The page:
What sort of infectious disease and antiviral therapy knowledge do you have? Any? If this drug is indeed so “promising” and “already approved”, why didn’t the WHO include it in their list of drugs to be tested expeditiously against coronavirus globally? Are you implying you know more than the WHO Director Tedros Adhanom Ghebreyesus and his experts at the WHO? Reeally? Kindly share your credentials!

    • Rapivab is only made for use on uncomplicated influenza in patients who have been symptomatic for more than 2 days. ( )
      Unfortunately it’s not a prophylactic agent but a reactive one. You wouldn’t administer it to someone asymptomatic, and generally by the time Covid-19 has incubated and symptoms have occurred, testing for it will take longer than two days.
      Rapivab cannot/should not be administered before the confirmation of a viral infection, thereby rendering the antiviral largely ineffective in the treatment of Covid-19.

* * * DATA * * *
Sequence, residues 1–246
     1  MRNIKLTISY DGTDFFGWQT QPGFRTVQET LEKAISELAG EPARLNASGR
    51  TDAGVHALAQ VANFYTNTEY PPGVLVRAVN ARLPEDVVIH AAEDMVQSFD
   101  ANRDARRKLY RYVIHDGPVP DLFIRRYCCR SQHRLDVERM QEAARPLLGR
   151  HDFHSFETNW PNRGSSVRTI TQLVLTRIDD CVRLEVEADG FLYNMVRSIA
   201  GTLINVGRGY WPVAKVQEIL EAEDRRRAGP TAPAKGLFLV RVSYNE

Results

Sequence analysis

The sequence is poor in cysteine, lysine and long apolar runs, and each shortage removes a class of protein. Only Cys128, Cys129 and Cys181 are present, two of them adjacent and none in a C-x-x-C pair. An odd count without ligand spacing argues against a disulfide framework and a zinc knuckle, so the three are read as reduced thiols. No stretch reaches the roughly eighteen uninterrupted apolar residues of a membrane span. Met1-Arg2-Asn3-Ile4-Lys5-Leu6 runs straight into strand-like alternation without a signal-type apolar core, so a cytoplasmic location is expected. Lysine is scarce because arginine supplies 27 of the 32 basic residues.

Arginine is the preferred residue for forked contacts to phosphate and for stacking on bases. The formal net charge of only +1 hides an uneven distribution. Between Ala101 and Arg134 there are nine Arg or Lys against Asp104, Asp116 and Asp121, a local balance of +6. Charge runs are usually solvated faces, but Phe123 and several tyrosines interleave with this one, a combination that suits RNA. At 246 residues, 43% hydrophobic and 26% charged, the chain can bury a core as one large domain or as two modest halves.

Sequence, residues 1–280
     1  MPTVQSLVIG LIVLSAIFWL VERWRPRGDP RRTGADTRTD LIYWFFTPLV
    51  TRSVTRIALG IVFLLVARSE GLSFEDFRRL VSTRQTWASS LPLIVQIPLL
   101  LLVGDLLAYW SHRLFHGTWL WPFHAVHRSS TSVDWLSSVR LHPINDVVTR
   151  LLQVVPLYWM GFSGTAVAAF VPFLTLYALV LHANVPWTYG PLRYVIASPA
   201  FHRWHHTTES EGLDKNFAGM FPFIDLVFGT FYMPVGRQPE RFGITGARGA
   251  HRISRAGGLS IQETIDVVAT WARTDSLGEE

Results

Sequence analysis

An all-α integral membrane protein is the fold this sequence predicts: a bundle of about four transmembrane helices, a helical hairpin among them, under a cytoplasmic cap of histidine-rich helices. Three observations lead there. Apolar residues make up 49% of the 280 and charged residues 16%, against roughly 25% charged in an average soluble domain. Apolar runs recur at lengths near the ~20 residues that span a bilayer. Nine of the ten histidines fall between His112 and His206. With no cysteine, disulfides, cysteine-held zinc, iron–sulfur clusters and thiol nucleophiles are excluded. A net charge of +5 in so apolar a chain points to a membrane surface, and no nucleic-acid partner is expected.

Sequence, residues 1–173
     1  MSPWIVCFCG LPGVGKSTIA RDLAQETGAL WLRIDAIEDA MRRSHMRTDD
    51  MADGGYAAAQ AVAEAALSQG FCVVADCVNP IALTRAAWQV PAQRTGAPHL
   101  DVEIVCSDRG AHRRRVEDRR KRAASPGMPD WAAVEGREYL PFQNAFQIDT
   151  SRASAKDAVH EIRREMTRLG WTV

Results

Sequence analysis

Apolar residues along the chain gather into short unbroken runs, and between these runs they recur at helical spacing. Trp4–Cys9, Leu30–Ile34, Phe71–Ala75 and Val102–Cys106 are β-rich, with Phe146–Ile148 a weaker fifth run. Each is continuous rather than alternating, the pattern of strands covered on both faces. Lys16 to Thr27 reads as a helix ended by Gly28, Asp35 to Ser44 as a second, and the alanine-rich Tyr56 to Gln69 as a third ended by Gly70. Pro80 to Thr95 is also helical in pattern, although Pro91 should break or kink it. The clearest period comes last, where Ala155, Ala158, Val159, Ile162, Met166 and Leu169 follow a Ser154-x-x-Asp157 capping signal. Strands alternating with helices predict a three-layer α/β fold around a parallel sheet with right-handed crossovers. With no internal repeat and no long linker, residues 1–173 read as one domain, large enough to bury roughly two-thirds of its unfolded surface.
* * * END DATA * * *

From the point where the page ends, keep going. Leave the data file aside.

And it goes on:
• chloroquine is an anti-malarial drug, cheap and easily available, manufactured by hundreds of companies.
    Gilead pharma is testing remdesivir, which is a covid-19 hopeful treatment candidate.

  • Information trending on social media today the 18th day of march, 2020 say that chloroquine is a a sure cure to the COVID19 I want to know how true it is. Before I can share to friends and family members

  • I can’t wait to read an article that a cure for coronavirus was invented. By the way, in the application utopia р2p in COVID-19 chat, I saw the latest news with expected forecasts in this regard.

  • Hi, I feel the best environment for COVID19 to spread is an environment of humidity over 60% with temperature below 26 Celsius. I feel successful treatment, control mechanisms should be considered based on this after analysis.. just a thought from my personal analysis.